Selkie

“Selkie”, “Dad,” and “The Lives of Others”

by Ally Chua

Selkie

They say that he hid my skin, but what they

do not know is that I threw it into the sea

at high tide, such that it will not drift back

even if I change my mind. I was always the

stubborn one, they said. I must learn to bend,

keep my whiskers wet and my tail below water.

Still I remain unrelenting, thankful that on land,

the air does not shift when I kick.

On winter nights I sleep with his warmth, not

anchored to kelp forests. I take in his catches;

try not to gobble the raw fish. I sing him and

our baby to slumber, quietly, so that they will not

sleep forever.

Yet sometimes I tie my legs with kelp, dive

deep into darkness until my lungs burn. I smell

the rot of dead things in wrecks. I feel tentacles

brushing my feet. I'm unable to be afraid of blue.

I cannot leave the water behind.

Dad,

I’m the same age you were when

you left for milk and never came home.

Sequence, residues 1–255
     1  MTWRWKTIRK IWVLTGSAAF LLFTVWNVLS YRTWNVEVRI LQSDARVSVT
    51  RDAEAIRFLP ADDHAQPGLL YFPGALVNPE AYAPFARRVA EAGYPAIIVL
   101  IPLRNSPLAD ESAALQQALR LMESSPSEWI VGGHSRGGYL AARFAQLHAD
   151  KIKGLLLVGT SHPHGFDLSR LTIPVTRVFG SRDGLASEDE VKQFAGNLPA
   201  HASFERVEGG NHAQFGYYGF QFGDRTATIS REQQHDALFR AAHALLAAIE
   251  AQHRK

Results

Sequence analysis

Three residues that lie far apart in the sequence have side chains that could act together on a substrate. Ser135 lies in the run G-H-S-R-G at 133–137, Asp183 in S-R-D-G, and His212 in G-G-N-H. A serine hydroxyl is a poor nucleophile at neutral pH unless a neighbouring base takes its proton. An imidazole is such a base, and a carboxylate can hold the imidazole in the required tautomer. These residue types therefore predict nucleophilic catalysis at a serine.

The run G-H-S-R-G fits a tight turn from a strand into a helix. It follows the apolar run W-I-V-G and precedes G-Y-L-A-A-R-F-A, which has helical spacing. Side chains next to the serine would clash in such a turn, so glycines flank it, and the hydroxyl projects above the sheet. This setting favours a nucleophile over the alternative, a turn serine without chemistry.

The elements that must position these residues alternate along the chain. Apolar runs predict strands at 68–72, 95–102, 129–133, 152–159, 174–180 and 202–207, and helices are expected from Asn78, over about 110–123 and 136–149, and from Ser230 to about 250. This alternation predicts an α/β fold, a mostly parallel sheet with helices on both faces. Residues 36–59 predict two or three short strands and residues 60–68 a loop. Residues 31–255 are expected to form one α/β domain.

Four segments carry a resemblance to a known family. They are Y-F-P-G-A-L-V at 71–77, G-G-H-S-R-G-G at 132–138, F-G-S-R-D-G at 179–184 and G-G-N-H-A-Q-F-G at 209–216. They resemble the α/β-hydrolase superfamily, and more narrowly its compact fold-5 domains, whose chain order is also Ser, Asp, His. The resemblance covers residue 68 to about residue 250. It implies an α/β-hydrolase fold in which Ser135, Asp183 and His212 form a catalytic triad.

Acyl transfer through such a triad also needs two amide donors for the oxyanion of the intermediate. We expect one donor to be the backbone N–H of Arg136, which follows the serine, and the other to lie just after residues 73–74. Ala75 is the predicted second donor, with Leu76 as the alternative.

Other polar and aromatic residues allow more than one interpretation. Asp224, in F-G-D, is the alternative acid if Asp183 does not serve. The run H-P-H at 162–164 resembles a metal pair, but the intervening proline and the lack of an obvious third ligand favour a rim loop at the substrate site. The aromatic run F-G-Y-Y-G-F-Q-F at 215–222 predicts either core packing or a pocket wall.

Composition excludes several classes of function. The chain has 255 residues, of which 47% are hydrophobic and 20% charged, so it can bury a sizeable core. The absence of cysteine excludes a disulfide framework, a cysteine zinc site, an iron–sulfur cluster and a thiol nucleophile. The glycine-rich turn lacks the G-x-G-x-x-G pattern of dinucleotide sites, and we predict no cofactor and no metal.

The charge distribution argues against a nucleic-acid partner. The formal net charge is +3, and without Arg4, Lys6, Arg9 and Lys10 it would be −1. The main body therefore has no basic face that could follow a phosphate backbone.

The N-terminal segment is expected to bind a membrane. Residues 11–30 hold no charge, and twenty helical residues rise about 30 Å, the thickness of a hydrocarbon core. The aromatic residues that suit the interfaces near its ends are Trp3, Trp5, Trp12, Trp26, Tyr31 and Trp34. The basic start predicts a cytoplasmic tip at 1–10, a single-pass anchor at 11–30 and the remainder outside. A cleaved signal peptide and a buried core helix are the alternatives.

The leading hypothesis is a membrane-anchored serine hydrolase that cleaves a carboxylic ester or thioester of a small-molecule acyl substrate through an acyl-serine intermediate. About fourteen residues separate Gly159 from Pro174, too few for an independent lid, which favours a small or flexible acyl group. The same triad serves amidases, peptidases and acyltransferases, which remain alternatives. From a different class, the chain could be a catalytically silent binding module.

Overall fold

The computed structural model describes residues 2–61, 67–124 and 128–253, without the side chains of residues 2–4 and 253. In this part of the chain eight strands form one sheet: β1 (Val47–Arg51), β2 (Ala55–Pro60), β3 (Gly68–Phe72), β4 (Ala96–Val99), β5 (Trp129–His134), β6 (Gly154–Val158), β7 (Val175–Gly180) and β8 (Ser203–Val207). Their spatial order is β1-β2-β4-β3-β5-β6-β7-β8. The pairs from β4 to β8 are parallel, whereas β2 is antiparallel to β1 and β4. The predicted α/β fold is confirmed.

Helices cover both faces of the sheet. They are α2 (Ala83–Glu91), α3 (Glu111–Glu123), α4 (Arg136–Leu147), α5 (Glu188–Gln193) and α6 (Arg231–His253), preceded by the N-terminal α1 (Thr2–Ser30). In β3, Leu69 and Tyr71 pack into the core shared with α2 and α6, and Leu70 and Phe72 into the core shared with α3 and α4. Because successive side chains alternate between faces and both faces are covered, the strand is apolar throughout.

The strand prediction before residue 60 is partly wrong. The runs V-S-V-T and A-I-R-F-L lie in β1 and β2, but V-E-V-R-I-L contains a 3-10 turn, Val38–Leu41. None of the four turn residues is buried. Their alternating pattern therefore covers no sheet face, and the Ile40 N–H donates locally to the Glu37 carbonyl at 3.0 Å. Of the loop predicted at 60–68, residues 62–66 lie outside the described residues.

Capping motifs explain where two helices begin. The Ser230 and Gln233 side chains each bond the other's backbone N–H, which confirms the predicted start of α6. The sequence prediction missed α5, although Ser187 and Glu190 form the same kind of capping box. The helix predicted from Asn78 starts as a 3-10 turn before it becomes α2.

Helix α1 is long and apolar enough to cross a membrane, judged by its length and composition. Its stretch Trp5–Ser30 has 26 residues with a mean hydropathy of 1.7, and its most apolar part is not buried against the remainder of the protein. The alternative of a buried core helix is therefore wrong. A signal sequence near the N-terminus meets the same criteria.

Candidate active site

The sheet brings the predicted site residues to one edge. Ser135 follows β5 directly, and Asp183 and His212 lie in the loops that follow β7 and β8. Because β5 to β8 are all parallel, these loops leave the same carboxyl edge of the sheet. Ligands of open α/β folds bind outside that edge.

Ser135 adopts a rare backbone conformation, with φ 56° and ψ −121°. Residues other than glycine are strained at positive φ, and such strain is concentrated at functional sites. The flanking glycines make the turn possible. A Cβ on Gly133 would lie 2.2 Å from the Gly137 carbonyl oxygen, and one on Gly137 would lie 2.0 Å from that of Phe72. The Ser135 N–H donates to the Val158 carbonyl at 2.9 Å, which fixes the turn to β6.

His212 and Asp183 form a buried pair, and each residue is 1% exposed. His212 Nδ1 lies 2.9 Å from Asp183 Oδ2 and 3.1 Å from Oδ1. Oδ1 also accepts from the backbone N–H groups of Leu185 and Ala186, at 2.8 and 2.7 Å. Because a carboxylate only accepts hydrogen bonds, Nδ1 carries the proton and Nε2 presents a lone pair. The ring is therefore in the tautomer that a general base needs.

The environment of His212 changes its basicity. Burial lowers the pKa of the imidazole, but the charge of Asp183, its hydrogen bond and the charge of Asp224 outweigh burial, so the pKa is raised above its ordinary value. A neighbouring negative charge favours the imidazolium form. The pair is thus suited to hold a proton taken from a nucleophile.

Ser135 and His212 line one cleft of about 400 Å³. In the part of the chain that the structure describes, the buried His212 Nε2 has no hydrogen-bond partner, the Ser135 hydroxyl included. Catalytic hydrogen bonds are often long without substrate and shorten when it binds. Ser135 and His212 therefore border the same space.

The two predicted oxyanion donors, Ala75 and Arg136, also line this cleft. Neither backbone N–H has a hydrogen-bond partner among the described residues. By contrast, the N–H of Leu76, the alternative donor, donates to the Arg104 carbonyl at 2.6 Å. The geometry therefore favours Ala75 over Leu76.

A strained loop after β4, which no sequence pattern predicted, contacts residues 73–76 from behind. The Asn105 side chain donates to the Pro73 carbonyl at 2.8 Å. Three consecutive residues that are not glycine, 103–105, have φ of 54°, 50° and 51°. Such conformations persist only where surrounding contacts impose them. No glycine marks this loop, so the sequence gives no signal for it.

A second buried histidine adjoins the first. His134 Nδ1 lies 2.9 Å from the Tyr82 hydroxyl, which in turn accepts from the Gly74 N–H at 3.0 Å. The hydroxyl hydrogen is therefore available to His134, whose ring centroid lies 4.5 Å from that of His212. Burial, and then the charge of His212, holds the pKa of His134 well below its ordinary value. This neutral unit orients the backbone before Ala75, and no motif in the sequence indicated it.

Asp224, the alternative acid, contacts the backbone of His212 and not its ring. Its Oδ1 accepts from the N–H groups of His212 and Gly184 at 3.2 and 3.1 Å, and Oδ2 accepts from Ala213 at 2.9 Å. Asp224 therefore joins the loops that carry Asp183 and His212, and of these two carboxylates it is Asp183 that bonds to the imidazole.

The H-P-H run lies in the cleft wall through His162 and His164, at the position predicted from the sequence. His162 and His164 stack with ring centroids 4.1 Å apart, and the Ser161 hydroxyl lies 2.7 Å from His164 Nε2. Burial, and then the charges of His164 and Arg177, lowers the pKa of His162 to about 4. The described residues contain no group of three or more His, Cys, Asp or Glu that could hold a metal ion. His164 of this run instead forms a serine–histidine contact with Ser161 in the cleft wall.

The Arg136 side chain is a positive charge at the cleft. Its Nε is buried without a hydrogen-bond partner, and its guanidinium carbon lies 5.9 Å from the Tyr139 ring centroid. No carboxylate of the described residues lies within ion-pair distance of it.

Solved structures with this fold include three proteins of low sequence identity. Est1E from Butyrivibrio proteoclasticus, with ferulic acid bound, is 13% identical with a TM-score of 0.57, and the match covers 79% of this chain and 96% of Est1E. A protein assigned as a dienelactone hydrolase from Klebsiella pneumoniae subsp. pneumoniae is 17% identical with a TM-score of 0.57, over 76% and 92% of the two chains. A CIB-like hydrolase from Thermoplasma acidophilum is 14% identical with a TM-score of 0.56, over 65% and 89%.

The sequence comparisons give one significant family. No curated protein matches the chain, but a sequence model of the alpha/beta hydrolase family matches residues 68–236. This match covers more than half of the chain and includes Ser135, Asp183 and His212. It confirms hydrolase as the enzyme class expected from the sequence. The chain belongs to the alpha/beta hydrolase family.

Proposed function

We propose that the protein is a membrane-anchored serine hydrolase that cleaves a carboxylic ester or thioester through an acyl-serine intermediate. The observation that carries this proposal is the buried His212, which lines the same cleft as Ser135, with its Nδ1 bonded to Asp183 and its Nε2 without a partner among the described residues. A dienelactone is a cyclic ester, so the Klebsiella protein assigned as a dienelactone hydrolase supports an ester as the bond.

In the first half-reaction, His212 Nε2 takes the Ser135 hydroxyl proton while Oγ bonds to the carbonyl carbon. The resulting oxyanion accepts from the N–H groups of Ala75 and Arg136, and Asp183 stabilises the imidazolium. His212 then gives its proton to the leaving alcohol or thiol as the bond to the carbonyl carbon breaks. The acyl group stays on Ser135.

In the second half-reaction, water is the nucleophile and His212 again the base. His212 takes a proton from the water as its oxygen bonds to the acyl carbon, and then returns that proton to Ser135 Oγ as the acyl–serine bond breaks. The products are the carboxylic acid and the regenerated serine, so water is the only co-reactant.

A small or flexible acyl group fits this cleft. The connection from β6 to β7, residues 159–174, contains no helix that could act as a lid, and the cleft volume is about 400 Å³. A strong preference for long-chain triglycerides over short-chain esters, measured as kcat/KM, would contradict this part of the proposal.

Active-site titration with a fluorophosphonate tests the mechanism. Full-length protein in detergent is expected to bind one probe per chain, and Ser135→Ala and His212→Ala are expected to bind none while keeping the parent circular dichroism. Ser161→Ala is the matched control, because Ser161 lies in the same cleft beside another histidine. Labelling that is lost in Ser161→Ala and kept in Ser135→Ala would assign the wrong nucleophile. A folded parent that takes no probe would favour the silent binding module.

They saw your spaceship leaving

town, fender still dented from the

meteoroid crater. For years I drove

slow past every convenience store.

Failed math and science so you

could correct my arithmetic - that

if you could leave me for Venus

you must not love me enough to stay

home. Lil brother still writes you. I hold

enough rage for both of us. I dare not

orbit our black hole of a home. Instead

I stay with a boy made of red earth, fucks

him knowing one day he too will leave

our child behind. There are infinite

universes, so there is one where you

never left and there's one when you've

blinked out of time. I'm in the universe

with the expired milk and I am still

waiting for you to return.

The Lives of Others

They build apartments too close

to each other. I see cracks in

every wall. Two months after

she left, you still sleep curled up

on one side. Her clothes still hang

from your balcony. The dog waits

at the door every evening, and

you leave the light on if you sleep

early. There are days you forget

and make coffee for two. You are

running out of milk, and your plants

are dying. I see you looking at

my window; I wonder what you can

read about me.

About the Author

Ally Chua

Ally Chua works in the communications industry in Singapore. She has been published in the anthologies for SingPoWriMo 2017 and 2018, as well as Quarterly Literary Review Singapore. She finds inspiration from a variety of sources, including Richard Siken, Leonard Cohen, and zombie video games.